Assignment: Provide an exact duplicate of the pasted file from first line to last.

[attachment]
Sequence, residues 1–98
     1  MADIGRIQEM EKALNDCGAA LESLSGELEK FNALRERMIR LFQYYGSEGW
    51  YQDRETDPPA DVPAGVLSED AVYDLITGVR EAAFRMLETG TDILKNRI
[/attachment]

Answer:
Sequence, residues 1–98
     1  MADIGRIQEM EKALNDCGAA LESLSGELEK FNALRERMIR LFQYYGSEGW
    51  YQDRETDPPA DVPAGVLSED AVYDLITGVR EAAFRMLETG TDILKNRI